Eventually, it was determined that that money would have to be returned. Unfortunately, Blueprint Property Lawyers had gone into insolvency, and this meant that Ms Kerr-Robinson was liable for the cost. She should, said the judge, not have used the estate that was in dispute to pay bills relating to it. 

What Does An Heir Hunter Do?

Although the term ‘heir hunter’ might only be familiar to you through the BBC daytime show of the same name, it is actually a real job, and it could be that, one day, an heir hunter might contact you.

Heir hunters, also called probate detectives or genealogist researchers, are tasked with the job of finding family members after people die intestate (ie they die without leaving a will) and there is no immediate family to inherit their estate, or when there is a will and beneficiaries are mentioned, but there is trouble finding them. Since it is a rare thing for someone to die and not have at least one living relative, no matter how distant, it is in the heir hunter’s interests to find them. If not, after a period of time – currently 12 years – the entire estate will be passed to the government’s treasury department. Once that happens, even if a relative is subsequently found, the money cannot be returned.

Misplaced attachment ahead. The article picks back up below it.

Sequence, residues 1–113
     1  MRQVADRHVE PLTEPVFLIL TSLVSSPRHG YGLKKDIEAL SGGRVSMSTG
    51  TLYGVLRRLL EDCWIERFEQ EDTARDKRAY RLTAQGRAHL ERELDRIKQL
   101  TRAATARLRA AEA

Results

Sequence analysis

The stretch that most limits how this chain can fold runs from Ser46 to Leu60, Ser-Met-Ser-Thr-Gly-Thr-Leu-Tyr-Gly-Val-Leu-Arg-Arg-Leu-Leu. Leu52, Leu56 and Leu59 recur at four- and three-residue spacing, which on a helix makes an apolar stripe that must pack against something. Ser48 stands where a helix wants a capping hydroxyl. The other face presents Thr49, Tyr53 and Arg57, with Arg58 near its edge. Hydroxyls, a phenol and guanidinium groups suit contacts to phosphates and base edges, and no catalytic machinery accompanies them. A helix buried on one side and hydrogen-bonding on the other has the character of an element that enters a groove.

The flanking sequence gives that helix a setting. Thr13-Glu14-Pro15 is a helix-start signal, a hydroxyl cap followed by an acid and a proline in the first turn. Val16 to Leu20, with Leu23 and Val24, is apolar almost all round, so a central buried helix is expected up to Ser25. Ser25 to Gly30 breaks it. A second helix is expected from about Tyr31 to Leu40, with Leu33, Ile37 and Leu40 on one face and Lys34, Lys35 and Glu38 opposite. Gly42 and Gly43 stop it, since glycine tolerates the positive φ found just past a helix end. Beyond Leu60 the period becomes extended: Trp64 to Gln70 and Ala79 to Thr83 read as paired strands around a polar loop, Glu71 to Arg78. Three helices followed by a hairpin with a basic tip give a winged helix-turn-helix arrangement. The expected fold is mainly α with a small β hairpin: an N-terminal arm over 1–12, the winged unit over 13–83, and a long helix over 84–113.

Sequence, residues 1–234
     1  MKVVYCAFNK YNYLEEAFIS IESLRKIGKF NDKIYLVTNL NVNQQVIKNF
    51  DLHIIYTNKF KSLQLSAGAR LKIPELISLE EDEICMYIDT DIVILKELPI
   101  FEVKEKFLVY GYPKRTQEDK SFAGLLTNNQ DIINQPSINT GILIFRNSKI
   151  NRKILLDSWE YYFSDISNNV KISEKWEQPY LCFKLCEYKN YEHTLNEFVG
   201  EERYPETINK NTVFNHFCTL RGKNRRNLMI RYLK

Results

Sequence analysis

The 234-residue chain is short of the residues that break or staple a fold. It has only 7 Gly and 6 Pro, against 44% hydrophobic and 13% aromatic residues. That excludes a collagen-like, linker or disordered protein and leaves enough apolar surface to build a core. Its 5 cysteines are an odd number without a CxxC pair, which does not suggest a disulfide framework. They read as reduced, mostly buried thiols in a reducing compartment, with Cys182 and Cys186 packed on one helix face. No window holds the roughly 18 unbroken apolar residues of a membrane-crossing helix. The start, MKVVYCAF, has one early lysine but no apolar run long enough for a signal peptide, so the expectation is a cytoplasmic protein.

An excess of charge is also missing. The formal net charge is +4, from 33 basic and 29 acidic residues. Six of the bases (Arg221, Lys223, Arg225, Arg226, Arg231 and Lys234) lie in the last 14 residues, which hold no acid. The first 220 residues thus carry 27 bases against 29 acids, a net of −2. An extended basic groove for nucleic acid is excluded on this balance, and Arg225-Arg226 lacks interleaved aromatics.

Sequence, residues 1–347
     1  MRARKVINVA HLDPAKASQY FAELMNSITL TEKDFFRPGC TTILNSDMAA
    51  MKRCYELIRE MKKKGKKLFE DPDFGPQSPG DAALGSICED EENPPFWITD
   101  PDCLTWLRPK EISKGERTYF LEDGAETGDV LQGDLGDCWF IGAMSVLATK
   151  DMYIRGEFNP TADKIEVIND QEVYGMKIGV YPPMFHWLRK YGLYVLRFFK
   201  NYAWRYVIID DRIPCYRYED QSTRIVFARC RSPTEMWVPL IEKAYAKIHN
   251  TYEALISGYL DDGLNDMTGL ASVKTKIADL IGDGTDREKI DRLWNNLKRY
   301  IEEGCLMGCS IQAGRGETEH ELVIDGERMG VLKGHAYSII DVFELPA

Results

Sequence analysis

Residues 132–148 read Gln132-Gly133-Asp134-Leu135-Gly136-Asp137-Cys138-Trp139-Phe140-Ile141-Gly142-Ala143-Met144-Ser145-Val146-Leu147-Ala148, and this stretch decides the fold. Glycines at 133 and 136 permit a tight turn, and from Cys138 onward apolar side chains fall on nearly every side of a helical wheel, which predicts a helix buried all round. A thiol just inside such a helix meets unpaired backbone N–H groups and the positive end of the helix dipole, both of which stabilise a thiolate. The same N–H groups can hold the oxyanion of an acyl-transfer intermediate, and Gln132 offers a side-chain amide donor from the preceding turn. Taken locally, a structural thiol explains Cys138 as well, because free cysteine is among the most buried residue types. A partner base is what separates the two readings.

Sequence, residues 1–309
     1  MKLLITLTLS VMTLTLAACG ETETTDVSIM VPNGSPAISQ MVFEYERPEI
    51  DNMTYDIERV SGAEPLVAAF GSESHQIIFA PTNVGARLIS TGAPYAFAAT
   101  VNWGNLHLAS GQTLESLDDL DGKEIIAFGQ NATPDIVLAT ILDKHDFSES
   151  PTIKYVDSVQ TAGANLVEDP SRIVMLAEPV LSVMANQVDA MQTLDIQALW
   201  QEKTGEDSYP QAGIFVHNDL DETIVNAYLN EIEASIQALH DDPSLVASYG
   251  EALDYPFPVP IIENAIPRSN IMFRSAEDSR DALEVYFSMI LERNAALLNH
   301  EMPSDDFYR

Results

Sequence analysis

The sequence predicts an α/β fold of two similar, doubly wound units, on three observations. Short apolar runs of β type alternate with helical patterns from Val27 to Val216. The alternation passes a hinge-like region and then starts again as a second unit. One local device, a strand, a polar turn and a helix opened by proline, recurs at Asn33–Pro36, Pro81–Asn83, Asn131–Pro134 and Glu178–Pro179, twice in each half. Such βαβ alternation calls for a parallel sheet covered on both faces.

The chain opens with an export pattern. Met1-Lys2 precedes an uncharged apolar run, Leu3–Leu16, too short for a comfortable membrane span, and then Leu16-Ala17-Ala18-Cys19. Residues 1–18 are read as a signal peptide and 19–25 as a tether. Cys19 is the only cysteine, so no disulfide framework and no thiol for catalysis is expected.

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Once an heir hunter finds a case to proceed with, their first step is to create a family tree for the deceased person. They will need to investigate and dig deep into archives in order to find various branches of the tree, and ascertain who is the rightful heir of the estate. Although they have 12 years before the government can take the estate, there is still a time element involved as there will be various different heir hunting firms working on the same case. The first one to find the beneficiary and sign them to the firm will receive the commission.

Commission can range from anywhere between 10 and 30 percent (plus VAT) of the total estate, although some firms are now charging a fixed fee instead. Depending on the size of the estate, this could be a cheaper way of receiving an inheritance.

If an heir hunting firm gets in touch with you regarding a potential inheritance, don’t panic and sign the first contract you see – you could be better of waiting to see what other offers and ‘deals’ you are given by other firms. This could be the difference between many thousands of pounds. 

Why Else Is Heir Hunting Important?

Heir hunting is essential when someone dies intestate (ie without a will), and there are no immediate relatives to inherit the deceased person’s estate. An heir hunter will then carry out an investigation in order to discover any distant relatives who would be able to inherit the estate. But what other reasons might an heir hunter be employed to find someone?